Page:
The technology industry has been innovating at a faster pace than ever before, and it's a major challenge for businesses to keep up with changes quickly enough to take advantage of new capabilities while staying ahead of their competitors. Cognizant Technology Solutions (NASDAQ:CTSH) provides the information technology support that businesses need in order to use tech-related tools to maximum advantage, and the IT specialist's recent focus on what it calls the digital at scale transformation has paid off with solid results in past quarters.

Coming into Wednesday's third-quarter financial report, Cognizant investors were expecting that the tech consultant would be able to keep growing at a healthy pace. The results showed consistent progress along its long-term growth trajectory, and Cognizant remains confident in its capacity to help more clients upgrade their IT systems. Let's take a closer look at Cognizant to see how it's doing and what's ahead.

Glass wall with Cognizant Accelerator glazed on its surface, with a conference table beyond.

Image source: Cognizant Technology Solutions.

Cognizant moves higher

Cognizant's third-quarter results were modestly upbeat, which is a consistent theme from quarterly reports over the past year. Revenue rose more than 9% to $3.77 billion, matching the consensus growth forecast among those following the IT consultant. Net income came in at $495 million, up 11% from the year-ago quarter, and adjusted earnings of $0.98 per share were better than the $0.95 per share figure that most investors were expecting to see.

Cognizant has seen its four primary business units converge in terms of revenue, and that trend continued during the third quarter. The small communications, media, and technology segment experienced the strongest growth rate, with an 18% sales gain compared to the third quarter of 2016. The products and resources unit also saw outpaced segment revenue growth of 14%, making up about a fifth of Cognizant's total business. Year-over-year gains of 9% on the healthcare segment's top line were consistent with the overall company's growth, but the financial services division lagged, posting just a 4% rise in segment revenue. Sequential gains were more measured, with all four segments within a range of 1% to 4% growth.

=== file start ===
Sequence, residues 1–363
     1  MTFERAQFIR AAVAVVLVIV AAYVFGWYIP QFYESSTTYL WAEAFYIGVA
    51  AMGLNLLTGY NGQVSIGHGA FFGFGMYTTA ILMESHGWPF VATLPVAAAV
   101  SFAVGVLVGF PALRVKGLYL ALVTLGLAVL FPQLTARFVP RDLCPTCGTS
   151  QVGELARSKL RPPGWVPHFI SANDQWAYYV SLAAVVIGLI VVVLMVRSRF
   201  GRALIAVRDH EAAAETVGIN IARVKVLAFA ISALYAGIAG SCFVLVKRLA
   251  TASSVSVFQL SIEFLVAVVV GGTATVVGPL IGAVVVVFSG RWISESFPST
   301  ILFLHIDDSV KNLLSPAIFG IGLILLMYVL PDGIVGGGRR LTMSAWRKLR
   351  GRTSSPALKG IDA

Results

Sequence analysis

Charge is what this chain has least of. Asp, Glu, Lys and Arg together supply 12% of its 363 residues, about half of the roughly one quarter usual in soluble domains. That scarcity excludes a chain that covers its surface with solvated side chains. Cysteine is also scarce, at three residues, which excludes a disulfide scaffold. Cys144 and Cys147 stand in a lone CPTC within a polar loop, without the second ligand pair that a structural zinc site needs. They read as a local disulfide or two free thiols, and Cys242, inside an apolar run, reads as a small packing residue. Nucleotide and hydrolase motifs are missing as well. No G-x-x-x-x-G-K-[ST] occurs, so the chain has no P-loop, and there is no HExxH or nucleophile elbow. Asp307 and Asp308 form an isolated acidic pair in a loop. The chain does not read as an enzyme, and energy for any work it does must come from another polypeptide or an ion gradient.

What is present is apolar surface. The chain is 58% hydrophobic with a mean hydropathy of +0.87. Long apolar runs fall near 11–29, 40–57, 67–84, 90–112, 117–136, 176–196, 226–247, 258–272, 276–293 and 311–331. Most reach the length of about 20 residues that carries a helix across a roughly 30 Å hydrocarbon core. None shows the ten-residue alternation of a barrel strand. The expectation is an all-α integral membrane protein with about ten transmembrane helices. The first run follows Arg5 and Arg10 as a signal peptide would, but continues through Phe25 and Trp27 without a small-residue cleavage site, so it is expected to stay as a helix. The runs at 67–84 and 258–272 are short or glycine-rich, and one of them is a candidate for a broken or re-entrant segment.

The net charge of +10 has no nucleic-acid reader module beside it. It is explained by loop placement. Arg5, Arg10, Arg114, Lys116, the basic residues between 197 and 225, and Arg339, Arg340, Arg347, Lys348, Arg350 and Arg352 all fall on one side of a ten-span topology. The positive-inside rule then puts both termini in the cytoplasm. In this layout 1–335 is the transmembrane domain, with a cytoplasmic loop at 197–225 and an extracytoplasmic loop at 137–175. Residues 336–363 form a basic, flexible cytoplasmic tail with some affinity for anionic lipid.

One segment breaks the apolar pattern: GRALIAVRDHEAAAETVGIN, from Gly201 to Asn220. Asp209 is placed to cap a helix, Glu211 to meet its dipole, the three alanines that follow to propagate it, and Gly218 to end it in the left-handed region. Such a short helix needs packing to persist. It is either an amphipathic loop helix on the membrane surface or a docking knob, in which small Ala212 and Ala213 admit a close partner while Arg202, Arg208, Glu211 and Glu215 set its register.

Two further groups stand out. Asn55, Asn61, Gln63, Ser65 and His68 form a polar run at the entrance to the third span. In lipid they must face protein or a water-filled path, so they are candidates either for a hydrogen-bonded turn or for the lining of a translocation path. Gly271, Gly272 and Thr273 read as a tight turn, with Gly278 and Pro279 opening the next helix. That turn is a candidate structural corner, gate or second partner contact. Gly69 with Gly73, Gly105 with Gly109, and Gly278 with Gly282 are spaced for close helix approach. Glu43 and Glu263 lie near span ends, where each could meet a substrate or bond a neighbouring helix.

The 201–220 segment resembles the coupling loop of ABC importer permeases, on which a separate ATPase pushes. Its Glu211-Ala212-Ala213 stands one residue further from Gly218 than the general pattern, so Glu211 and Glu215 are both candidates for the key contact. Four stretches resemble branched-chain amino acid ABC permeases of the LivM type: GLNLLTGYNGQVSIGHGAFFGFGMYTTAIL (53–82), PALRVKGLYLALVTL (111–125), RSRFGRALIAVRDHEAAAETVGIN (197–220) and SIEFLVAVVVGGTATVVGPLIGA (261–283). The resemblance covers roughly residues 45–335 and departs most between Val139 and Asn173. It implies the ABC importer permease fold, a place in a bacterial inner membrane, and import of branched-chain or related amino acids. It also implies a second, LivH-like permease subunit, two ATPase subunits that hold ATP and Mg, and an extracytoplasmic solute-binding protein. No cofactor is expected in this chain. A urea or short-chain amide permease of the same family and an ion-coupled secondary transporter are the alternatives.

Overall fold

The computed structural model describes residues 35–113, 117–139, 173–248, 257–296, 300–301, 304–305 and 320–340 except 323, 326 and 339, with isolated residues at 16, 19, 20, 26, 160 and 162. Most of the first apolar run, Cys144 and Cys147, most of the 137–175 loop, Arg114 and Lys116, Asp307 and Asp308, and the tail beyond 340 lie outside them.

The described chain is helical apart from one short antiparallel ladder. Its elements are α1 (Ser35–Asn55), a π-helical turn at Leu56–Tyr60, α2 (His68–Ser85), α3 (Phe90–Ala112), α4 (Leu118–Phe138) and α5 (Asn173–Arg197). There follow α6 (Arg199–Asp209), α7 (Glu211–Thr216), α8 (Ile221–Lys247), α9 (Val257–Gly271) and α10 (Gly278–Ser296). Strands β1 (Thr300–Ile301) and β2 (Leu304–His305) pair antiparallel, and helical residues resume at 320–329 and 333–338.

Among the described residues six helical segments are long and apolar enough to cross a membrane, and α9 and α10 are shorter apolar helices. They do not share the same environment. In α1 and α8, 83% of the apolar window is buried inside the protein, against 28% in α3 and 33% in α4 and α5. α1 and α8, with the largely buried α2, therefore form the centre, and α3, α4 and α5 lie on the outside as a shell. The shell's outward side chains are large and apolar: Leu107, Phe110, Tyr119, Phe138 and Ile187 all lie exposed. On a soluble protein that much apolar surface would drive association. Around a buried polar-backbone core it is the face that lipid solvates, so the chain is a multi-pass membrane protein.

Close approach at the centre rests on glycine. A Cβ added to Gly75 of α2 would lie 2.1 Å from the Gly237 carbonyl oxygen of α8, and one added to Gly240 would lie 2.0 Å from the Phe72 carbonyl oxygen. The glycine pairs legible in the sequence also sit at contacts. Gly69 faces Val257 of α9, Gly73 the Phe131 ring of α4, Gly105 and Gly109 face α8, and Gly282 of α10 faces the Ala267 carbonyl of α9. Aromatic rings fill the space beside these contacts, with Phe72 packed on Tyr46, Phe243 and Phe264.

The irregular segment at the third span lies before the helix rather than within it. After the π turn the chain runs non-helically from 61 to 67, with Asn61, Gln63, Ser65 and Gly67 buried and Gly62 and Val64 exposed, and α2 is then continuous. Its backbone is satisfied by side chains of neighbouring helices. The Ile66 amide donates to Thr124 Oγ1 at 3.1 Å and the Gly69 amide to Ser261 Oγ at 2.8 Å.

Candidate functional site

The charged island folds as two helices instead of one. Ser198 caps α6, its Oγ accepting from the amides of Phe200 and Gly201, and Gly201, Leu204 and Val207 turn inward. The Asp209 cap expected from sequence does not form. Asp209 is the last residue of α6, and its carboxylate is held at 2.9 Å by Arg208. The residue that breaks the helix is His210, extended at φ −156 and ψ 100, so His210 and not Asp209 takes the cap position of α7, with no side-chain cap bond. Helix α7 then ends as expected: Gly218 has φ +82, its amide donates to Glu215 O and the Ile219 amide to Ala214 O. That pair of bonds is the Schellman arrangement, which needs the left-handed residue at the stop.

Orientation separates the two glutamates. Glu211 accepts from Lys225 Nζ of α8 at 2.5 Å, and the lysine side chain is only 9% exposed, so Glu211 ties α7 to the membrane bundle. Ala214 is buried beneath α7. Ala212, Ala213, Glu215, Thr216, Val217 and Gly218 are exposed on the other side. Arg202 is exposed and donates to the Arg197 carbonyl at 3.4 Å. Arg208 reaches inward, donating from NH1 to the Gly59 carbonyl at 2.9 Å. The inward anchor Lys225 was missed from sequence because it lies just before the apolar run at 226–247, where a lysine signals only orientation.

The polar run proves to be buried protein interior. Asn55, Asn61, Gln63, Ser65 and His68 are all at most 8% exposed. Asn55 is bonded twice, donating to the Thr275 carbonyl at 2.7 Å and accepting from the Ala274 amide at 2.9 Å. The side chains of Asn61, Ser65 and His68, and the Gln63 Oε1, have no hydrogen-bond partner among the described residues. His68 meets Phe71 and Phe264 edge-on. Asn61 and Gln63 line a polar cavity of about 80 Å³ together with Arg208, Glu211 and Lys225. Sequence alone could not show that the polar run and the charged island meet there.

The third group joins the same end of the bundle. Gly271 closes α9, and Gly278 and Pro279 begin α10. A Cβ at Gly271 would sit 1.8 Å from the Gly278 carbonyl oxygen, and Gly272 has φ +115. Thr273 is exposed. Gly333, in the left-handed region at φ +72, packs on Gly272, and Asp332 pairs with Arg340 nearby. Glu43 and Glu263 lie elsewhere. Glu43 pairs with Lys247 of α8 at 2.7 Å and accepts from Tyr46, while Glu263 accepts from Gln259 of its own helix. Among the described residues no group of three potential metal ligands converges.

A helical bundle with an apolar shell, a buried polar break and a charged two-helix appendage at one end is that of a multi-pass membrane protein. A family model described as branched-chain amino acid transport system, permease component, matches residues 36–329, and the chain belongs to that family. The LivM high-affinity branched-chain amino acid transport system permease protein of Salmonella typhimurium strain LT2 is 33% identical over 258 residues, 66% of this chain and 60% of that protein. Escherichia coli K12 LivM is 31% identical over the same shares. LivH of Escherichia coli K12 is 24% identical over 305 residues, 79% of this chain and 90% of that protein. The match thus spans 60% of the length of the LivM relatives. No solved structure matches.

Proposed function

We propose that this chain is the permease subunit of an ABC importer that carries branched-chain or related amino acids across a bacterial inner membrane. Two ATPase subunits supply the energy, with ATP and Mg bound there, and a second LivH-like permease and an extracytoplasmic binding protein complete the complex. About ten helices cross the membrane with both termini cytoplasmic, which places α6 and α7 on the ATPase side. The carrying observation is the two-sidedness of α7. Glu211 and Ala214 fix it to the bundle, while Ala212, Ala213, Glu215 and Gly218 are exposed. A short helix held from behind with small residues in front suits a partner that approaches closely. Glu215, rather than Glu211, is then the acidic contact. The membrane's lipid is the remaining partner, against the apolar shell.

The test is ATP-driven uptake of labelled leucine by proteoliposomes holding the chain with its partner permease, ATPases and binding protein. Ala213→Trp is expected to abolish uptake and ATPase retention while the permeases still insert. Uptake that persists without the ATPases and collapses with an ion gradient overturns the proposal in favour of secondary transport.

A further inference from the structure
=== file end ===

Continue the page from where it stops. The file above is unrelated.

Cognizant also saw stronger performance overseas than in the core North American market. European revenue was up 17%, bolstered in part by a rebound from the U.K., which finally returned to year-over-year growth after fully integrating the negative impact of the Brexit vote into its operations. Outside the U.K., Cognizant saw revenue in Europe jump by more than a third, and a 20% rise in the rest of the world dwarfed gains of just 6.7% in North America.

CEO Francisco D'Souza put the results in context. "We are making consistent progress," D'Souza said, "in executing the plan to accelerate our shift to digital services and solutions." The CEO sees the digital at scale initiatives as reflecting Cognizant's ability to help its clients modify their business, operating, and technology practices in a favorable way.

What's ahead for Cognizant?

Cognizant expects its client relationships to expand in the future. As the consultant gets to know its customers better, it can fully understand their priorities and find the customized solutions to meet those priorities.

Those efforts are likely to result in financial performance that's consistent with what investors expect, at least for the immediate future. Cognizant's guidance for the fourth quarter includes revenue of between $3.79 billion and $3.85 billion, and adjusted earnings should come in at or above $0.95 per share. For 2017 as a whole, Cognizant narrowed its revenue guidance to the upper portion of its range from three months ago, and the company now believes that it will bring in between $14.78 billion and $14.84 billion in sales. A minimum of $3.70 per share in adjusted earnings would be $0.03 higher than what it previously expected.

Cognizant investors have enjoyed a strong run that has added more than 40% to its share price over the past 12 months. Yet if the technology consultant can take full advantage of favorable conditions in the industry and serve a wider customer base, then its fundamental business could see even more spectacular growth in the future.

Dan Caplinger has no position in any of the stocks mentioned. The Motley Fool owns shares of and recommends Cognizant Technology Solutions. The Motley Fool has a disclosure policy.